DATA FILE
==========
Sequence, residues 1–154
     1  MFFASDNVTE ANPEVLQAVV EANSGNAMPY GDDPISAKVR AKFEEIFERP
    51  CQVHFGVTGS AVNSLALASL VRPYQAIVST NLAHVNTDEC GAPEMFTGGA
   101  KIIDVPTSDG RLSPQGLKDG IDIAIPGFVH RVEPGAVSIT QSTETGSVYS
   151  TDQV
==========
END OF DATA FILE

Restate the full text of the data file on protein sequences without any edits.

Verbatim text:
Sequence, residues 1–154
     1  MFFASDNVTE ANPEVLQAVV EANSGNAMPY GDDPISAKVR AKFEEIFERP
    51  CQVHFGVTGS AVNSLALASL VRPYQAIVST NLAHVNTDEC GAPEMFTGGA
   101  KIIDVPTSDG RLSPQGLKDG IDIAIPGFVH RVEPGAVSIT QSTETGSVYS
   151  TDQV